Wednesday, August 31, 2011

I was just talking to a patient whose wife had failed an IVF cycle

I was just talking to a patient whose wife had failed an IVF cycle . She had had a poor ovarian response and he wanted to know whether it was worth trying another cycle again on not.
His question was simple . Is it worth subjecting her to the pain of an IVF cycle ? Do we have a chance of success ? Or is it futile ? Are we just breaking our head against a brick wall . He wanted my opinion, based on what we’d learned from the first IVF cycle. He loved his wife a lot , and was very protective of her. He didn't want her to go through the pain of another IVF failure , and while he understood that there were no guarantees, he still needed advise as to whether it was sensible to try again.

The major problem with an IVF cycle is not the physical pain of course - it's the emotional pain of failure, because there's so much riding on the outcome of an IVF cycle.

It's always hard to answer these questions because they involve so many intangibles . There are some decisions which doctors can't make for patients , so I tried my best to counsel him and put things in perspective.

Every IVF cycle involves a certain downside - but , there is an upside to it as well ! While it was true that his chances of success in terms of having a baby were not very good , often the one thing an IVF cycle provides is peace of mind that you've done your best , so that you have no regrets afterwards
It is true that there's a lot of emotional pain when the IVF cycle fails . This is acute pain , which can be very hard to manage both for the wife and for the husband – and often you feel that the world has ended and it can be hard to cope with this.

However, it’s also true that the infertile woman goes through emotional pain every time she has a menstrual cycle and she fails to conceive each month. Of course, the difference is that this is a chronic low low-grade long-term pain as compared to the acute pain of IVF failure, which is of a much greater degree.

What’s true is that how each person copes with the pain of an IVF failure varies remarkably ! Some patients are very resilient and find it easy to move on with their lives , whereas others go to pieces completely . Not only does this depend on their emotional reserves and personality , it also depends on how many external pressures they are subject to , and whether they doing the IVF treatment to keep themselves happy or to keep their mother-in-law happy !

I told him that this was a decision both of them would have to make , but in our experience doing a second IVF cycle is much easier because patients know exactly what they are going in for ; and because they've experienced failure the first time , their ability to deal with this the second time is a little bit easier, because they have more realistic expectations !

Enhanced by Zemanta

4 comments:

  1. Anonymous2:04 PM

    Dear Dr,

    How will you describe a poor responder? For my first IVF I produced 3 eggs but I am on the least gonal F dose (75iu). For my 2nd IVF I produced 7 eggs (175 iu gonal F was used). Am I a poor responder? I there any other reason for a woman to be a poor responder other than low ovarian reserve?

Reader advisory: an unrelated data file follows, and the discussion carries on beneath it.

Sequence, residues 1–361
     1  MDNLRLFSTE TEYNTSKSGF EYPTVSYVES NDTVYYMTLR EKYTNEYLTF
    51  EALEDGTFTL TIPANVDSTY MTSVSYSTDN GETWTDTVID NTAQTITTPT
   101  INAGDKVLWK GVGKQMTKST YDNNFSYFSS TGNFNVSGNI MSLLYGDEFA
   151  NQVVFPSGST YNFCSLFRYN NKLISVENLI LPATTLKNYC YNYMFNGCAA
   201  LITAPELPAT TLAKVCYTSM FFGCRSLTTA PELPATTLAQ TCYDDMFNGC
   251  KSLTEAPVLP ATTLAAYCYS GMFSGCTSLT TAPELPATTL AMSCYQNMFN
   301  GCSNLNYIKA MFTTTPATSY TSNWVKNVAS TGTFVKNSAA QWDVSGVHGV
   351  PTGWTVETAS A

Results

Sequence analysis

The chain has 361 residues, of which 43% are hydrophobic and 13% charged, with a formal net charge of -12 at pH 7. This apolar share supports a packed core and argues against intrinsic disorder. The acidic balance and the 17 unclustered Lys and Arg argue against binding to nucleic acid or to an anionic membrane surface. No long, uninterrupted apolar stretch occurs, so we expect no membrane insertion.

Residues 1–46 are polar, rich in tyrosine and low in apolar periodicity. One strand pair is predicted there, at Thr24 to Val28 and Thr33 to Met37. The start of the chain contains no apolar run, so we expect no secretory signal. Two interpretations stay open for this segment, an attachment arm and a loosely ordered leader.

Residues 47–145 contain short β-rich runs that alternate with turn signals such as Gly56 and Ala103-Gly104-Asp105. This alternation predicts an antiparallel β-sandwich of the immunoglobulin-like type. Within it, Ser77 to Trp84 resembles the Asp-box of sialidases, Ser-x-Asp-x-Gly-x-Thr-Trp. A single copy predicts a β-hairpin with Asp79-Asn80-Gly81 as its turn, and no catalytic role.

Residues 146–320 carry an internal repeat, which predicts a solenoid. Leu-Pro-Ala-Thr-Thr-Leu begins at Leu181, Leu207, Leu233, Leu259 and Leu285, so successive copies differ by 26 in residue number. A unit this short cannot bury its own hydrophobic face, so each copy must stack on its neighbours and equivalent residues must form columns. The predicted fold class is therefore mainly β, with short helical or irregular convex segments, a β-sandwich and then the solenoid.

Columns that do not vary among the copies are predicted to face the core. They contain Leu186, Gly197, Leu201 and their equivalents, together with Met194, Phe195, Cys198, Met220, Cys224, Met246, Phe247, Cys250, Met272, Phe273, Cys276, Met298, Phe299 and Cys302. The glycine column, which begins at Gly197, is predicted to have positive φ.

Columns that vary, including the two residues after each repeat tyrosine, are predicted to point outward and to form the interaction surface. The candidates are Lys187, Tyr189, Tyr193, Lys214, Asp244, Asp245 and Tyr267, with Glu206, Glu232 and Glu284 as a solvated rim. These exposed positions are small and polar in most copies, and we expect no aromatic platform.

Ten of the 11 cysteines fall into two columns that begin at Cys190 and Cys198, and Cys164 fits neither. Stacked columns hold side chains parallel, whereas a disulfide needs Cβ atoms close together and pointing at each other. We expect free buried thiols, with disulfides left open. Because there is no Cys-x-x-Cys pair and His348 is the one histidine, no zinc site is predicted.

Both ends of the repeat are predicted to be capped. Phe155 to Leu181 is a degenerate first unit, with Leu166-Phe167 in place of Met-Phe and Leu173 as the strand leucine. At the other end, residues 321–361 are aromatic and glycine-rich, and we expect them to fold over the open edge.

ReplyDelete
  2. A poor response could be because of poor ovarian reserve; or because of poor superovulation ( poor quality of drugs; inadequate doses of drugs; mis-timed HCG shot for triggering ovulation)

    Can you please test your antral follicle count by doing a vaginal ultrasound scan ? Read more at www.drmalpani.com/afc.htm

    What’s your AMH level ? Read more at www.drmalpani.com/amh.htm

    We look forward to helping you to have a baby !

    Dr Aniruddha Malpani, MD
    Malpani Infertility Clinic, Jamuna Sagar, SBS Road, Colaba
    Bombay 400 005. India
    Tel: 91-22-22151065, 22151066, 2218 3270, 65527073

    Helping you to build your family !

    My Facebook page is at www.facebook.com/Dr.Malpani

    You can follow me on twitter at http://twitter.com/#!/drmalpani

    Watch our infertility cartoon film at http://www.ivfindia.com

    Read our book, How to Have a Baby - A Guide for the Infertile Couple,
    online at www.DrMalpani.com !

    Read my blog about improving the doctor-patient
    relationship at http://blog.drmalpani.com

    ReplyDelete
  3. Anonymous1:56 AM

    Dear Dr,

    My AMH level is good once it is 3.5 and once it is 6.7 and so on ( on a scale of 1-8). I have never asked for AFC count. I will do it.

    One more question if I have an AFC of only 5 does it matter what gonal F dose is given to me? Even if they give me 450 iu gonal F, I will develop only 5 follicles, then why cant I be given a low dosage since the drugs are so expensive? I hope u got my point :)

    ReplyDelete
  4. Excellent question. There are some doctors who will treat patients with poor ovarian reserve with minimal stimulation IVF. This does help to reduce the cost - but the success rate is also lower. The key question is - is the success rate lower because these are poor prognosis patients ? And can we improve this with more aggressive superovulation ?
    We still don't know - and every doctor has a different approach !

    Dr Aniruddha Malpani, MD
    Malpani Infertility Clinic, Jamuna Sagar, SBS Road, Colaba
    Bombay 400 005. India
    Tel: 91-22-22151065, 22151066, 2218 3270, 65527073

    Helping you to build your family !

    My Facebook page is at www.facebook.com/Dr.Malpani

    You can follow me on twitter at http://twitter.com/#!/drmalpani

    Watch our infertility cartoon film at http://www.ivfindia.com

    Read our book, How to Have a Baby - A Guide for the Infertile Couple,
    online at www.DrMalpani.com !

    Read my blog about improving the doctor-patient
    relationship at http://blog.drmalpani.com

    ReplyDelete

LinkWithin

Related Posts Plugin for WordPress, Blogger...